Kiepert & Kutzner has only one store, but a really good one. Personal style, fresh and well-stocked fruit and vegetable department, manual cheese and deli counters, cool music in the speakers and free tea and mineral water make this institution in Prenzlauer Berg a winner.

Veganz is not 100 percent organic, but almost everything in the supermarket is grown and produced organically. The special thing with Veganz? Every single product is vegan. There’s vegan pizza, sausage, cheese, fake chicken … and the list can easily get very, very long. They also have a coffee shop with bakery, which features and vegan cakes and cookies among other goodies. Veganz is open on Sundays (which is uncommon in Germany), when they also serves a vegan brunch.

“Bio” is short for biologisch, the German word for organic.

 

How to: Get around

 

Metro, Train, Bus, Tram and Taxi in Berlin

Links

BVG, the public transport company’s homepage in English. Plan your journey and find other useful information.

This map covers the entire U-bahn and S-bahn network.

A tourist flyer for visitors. Find your way to that museum.

The tram network is covering the old East Berlin. On this map you’ll find all lines.

You’ll find all lines, regardless of means of transport, on this map.

The iPhone app Fahrinfo is a perfect travel companion. You can easily check when the next train or bus arrives, find the closest stop, or plan a journey.

The Adenauerplatz metro station in Berlin. Photo: Esbjörn Guwallius/Berlinow

The best way to get to know Berlin is by using it’s public transportation. Learn the metro system by heart, and you’re on your way to mastering the German capital.

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Berlin has an extensive subway system, known as the U-bahn, as well as the suburban train network S-bahn, along with buses and tram lines. If you know your way around the system, you will get to your destination much faster than by taxi or driving your own car.

A single ride is 2,30 euros. The ticket allows unlimited travel within two hours. You can make as many connections as you need, though return and round trips are not allowed. If you’re just going a few stops you can travel even cheaper. The short distance journey ticket (Kurzstrecke), which is 1,40 euro, takes you three stops with U-bahn or S-bahn or six stops by bus or tram. Connections are allowed between U-bahn and S-bahn. If you’re traveling a lot during one day you might want to go for the day ticket (6,30 euros), and if you’re staying for a whole week you can travel unlimited for 27,20 euros with the seven day ticket. All ticket prices are for Berlin zone A+B.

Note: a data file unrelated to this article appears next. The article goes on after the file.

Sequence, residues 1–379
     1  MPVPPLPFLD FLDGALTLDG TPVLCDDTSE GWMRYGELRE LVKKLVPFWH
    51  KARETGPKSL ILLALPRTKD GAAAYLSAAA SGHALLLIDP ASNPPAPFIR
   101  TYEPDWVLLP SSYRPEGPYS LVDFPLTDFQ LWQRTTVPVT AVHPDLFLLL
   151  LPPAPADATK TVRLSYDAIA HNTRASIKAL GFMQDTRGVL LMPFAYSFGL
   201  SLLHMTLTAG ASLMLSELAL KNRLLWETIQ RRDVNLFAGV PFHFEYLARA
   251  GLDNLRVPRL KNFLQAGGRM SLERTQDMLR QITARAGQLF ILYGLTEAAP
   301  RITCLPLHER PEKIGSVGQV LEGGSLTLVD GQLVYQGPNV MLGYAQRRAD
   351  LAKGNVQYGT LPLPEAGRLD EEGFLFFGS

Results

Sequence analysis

Ticket controls

If you’re used to the metro system in other large cities around the world you might get surprised when you find out that there’s no turnstiles at the stations. Berlin relies on the honor system, and frequent ticket controls on board. There are both plain clothes and uniformed inspectors that can demand to see your ticket: “Fahrausweis, bitte!”. If you can’t present a valid ticket you’ll have to pay a fine of 40 euros.

And don’t forget to validate your ticket in the small yellow or red boxes on the platform before you board the train, otherwise it’s not valid for travel. You only have to do this once for each ticket.

Get a cab?

If you prefer to ride by yourself, it’s relatively cheap to go by taxi in Berlin. For example, a ride from Rosenthaler Platz to Tegel Airport will cost you around 19 euros, or around 8,50 euros to Berlin’s Hauptbahnhof. A great app is myTaxi, where you can order a cab or get an estimate on how much the fare will be.

 
Ambulance in Berlin (file). Photo: Till Krech/flickr[source]CC BY 2.0

Maybe you don’t want to, but sometimes it might be necessary to see a physician. Wouldn’t it be great if he or she spoke your language?

We won’t give recommendations for specific physicians (that’s what the comments section are for), but we will point you in the right direction. Aerzte-Berlin.de might not look that appealing, but is a great source. Decide what kind of physician (Fachrichtung) you need to see, and in which district (Stadtbezirk) of Berlin. Then decide which language (Sprache) you want them to speak.

Another website where you can find physicians is the Kassenärztlichen Vereinigung Berlin. You cannot search for a language here, but you can be more specific in your search query. Arzt-Auskunft provides yet another way to find the right treatment for you. When you’ve found a physician at one of these sites, you can check on Aerzte-Berlin if they speak your language.

Hospitals in Berlin

If you’re searching for a hospital, the Berlin Hospital Directory is the place to go. Their website is available in English.

If you have public health insurance in one of the European Union’s 27 member states (or Iceland, Liechtenstein, Norway and Switzerland) you’ll have the same access to the public sector health care as German nationals. This means a visit to a physician will cost you 10 euros. If you need the see a physician again during the current quarter you just have to show the receipt from your last visit, and it won’t cost you a dime more. You should be able to show your European Health Insurance Card and your passport at the physician’s office.